Saturday, July 28, 2001


Transportation for Liveable Communities (Hamilton) REPORT


Combining the motto "live as though the revolution has already occurred" with Emma Goldman's "If I can't dance, it's not my revolution" members of the Climate Change Caravan and Hamilton's Transportation for Liveable Communities (TLC) ate, played and danced in the parking lot in front of Westdale businesses for several hours Saturday (July 28, 2001.)

Children are twirling, running and playing, chalking the bare asphalt with images of beauty or hopscotch squares; music is playing through loudspeakers, people are talking and dancing, handing out leaflets, writing in journals, hanging out.

The Climate Change Caravan (CCC), a group of 30 cyclists on a cross Canada mission to educate and activate citizens to take responsibility for global climate change, has arrived in Hamilton and a parking lot in Westdale has been transformed into a pedestrian play zone.

Car drivers stare blankly, trying to figure out why people are not moving out of their way: they want to park where they are accustomed but bicycles and moving bodies are in the way.

Cars reverse, and look elsewhere for a place to deposit their cumbersome metal shells.  About 60 people are reversing expectations by holding a parking meter party in celebration of the potential for Canadians to change: rather than continue to change the climate with unparalleled levels of fossil fuel combustion, the Climate Change Caravan is betting on the actions of citizens to reduce greenhouse gas emissions that are heating the planet.

At around 3:30 pm, TLC scouts Christine and Andrew started laying down orange traffic cones to reserve five parking spaces for the CCC support bus. They managed to stave off the parking commissionaire who approached them and gruffly inquired as to whether or not they had a permit. Since the spaces were paid for (with quarters in the meters) and the dilemma of finding a location for leaving the ticket was too much of a quandary, (neither Christine or Andrew where wearing wiper-blades at the time) he left them to attend to the more usual routine of ticketing automobiles.

Then around 4:00 the bus pulled in, just as other cyclists from TLC arrived to claim other empty parking spaces for the party.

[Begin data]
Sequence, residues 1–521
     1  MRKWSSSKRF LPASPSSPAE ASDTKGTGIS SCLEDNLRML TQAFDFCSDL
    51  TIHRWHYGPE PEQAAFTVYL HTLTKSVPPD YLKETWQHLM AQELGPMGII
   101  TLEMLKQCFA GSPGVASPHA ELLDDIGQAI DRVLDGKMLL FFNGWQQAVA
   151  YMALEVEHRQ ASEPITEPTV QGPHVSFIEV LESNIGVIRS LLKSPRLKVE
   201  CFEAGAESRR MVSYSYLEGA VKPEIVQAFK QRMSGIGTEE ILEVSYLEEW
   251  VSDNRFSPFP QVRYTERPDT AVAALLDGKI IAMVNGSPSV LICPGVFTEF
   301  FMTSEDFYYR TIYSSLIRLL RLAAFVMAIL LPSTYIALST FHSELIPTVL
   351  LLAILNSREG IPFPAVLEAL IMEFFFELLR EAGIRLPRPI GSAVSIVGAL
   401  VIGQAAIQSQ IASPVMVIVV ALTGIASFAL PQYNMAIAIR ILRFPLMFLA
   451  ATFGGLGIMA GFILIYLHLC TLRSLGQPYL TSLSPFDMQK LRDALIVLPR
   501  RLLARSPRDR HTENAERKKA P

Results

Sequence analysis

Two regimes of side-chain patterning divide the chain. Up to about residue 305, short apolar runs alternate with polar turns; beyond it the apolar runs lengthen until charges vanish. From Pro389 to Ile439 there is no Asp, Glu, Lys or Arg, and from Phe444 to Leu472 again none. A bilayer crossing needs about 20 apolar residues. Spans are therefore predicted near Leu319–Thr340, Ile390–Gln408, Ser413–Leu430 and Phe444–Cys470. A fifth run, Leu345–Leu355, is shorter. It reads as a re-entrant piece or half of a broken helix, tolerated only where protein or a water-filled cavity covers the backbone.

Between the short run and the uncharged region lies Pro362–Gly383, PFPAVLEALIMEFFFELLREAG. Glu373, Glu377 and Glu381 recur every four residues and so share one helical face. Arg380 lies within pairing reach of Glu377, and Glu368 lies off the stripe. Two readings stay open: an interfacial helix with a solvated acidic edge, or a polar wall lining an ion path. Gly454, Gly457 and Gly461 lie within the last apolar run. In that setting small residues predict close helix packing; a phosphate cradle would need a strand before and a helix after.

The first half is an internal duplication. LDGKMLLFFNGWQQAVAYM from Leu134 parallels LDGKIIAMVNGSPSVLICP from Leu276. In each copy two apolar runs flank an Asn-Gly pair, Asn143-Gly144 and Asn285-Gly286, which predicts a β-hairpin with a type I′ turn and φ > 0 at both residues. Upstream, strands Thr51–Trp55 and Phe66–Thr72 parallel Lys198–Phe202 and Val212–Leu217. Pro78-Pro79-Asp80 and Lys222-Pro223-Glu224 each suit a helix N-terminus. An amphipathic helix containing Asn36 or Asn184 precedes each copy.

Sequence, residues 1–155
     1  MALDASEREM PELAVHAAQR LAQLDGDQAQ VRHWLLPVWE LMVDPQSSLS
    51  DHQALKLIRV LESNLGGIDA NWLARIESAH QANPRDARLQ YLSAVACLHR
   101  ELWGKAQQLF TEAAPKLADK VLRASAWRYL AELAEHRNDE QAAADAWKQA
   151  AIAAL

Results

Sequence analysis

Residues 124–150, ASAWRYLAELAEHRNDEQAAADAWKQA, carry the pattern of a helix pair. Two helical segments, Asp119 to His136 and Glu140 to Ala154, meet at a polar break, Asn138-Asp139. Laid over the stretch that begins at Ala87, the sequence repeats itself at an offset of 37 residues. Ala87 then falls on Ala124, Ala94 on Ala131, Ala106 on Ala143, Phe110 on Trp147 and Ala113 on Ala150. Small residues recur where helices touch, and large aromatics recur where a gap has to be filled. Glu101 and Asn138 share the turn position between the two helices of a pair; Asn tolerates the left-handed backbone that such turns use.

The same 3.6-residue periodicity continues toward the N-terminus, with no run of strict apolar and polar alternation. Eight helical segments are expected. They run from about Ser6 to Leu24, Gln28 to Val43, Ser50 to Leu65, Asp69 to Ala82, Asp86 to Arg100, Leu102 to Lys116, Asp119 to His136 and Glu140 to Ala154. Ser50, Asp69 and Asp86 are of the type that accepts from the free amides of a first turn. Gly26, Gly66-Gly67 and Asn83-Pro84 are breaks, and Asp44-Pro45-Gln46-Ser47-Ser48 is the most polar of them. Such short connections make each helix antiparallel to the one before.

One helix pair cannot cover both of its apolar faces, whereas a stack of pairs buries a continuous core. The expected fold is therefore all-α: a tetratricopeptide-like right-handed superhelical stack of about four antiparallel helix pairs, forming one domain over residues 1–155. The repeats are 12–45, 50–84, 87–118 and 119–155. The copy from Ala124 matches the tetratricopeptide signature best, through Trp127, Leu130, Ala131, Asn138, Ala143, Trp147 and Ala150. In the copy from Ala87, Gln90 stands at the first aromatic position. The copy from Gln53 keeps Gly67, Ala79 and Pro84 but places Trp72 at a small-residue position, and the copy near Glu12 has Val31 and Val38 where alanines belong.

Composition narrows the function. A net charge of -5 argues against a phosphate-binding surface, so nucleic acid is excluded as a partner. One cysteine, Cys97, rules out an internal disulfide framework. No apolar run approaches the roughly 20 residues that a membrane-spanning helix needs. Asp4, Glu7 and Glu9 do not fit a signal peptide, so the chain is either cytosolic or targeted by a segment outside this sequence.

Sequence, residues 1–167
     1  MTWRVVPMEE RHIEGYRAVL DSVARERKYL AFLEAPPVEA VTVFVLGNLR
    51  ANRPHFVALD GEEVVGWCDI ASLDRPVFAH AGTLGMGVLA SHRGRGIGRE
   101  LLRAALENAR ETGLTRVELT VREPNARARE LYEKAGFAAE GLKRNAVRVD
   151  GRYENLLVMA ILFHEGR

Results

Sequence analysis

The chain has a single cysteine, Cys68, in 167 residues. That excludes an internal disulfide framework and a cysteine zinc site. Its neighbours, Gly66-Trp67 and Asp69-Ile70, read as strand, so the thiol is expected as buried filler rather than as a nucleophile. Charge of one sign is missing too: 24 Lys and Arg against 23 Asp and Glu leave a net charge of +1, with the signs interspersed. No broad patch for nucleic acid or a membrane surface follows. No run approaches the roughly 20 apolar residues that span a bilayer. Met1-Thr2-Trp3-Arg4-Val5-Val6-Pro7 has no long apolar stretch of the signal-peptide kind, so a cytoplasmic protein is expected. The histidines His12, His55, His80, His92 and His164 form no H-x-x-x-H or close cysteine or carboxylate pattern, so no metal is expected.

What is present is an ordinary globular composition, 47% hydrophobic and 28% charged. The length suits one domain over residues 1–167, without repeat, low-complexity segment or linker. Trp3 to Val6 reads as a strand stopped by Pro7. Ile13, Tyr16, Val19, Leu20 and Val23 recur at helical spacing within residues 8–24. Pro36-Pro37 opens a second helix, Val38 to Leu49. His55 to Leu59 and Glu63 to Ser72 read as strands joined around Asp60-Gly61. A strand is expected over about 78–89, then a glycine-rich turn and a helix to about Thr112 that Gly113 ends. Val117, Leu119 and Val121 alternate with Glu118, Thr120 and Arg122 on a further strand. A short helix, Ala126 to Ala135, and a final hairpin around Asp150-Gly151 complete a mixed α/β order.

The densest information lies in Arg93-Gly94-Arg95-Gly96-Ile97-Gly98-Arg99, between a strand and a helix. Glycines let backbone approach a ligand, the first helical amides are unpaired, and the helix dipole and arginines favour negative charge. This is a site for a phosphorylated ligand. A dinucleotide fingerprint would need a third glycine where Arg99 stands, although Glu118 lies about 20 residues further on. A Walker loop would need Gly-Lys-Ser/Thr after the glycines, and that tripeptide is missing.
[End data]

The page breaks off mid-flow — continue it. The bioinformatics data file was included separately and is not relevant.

In all, about 15 spaces were made temporary pollution-free zones.

Onlookers could be seen staring, dumbfounded; cyclists cruising through the area changed their course to stop and check out the inviting scene which included soap bubbles; children with faces painted with flowers, buses and bicycles; a table laden with food; parking spaces filled with bicycles and lawn chairs; people dancing, playing hacky-sack; and the rather impressive deep-red Climate Change school bus replete with solar panels, wind turbine and a store of vegetable oil (used to fuel the bus.)

People from as far away as the Yukon happened upon the party and joined in the fun.

The sight of children liberated and able to play without fear of being run down by automobiles was inspiring. Children are too often the victims of North America's obsession with cars, either as fatalities, or as prisoners in neighbourhoods over-run with motor vehicles and roads.

Children are also going to bear the brunt of global warming. As Canada's top climate change expert says, "we can expect temperatures in the Toronto-Hamilton area to top 30 C -- often 35 C -- more than 50 days each summer by 2050, unless we cut global greenhouse gas emissions. That's up from the present 15 or 16 days each summer."(Hamilton Spectator)

Increased temperatures will result in more smog (the heat from the sun "cooks" pollutants from motor vehicles, industry and power plants to create smog) which means more people dying from bad air. The Ontario Medical Association estimates that 1900 Ontarians die prematurely each year due to poor air quality.

As this article is being written, yet another smog advisory has been issued by the Ministry of the Environment, making this the worse year on record for smog alerts.

Are we going to be hostages to our hyper-consumption lifestyles, or are we going to learn to tread lightly on the earth?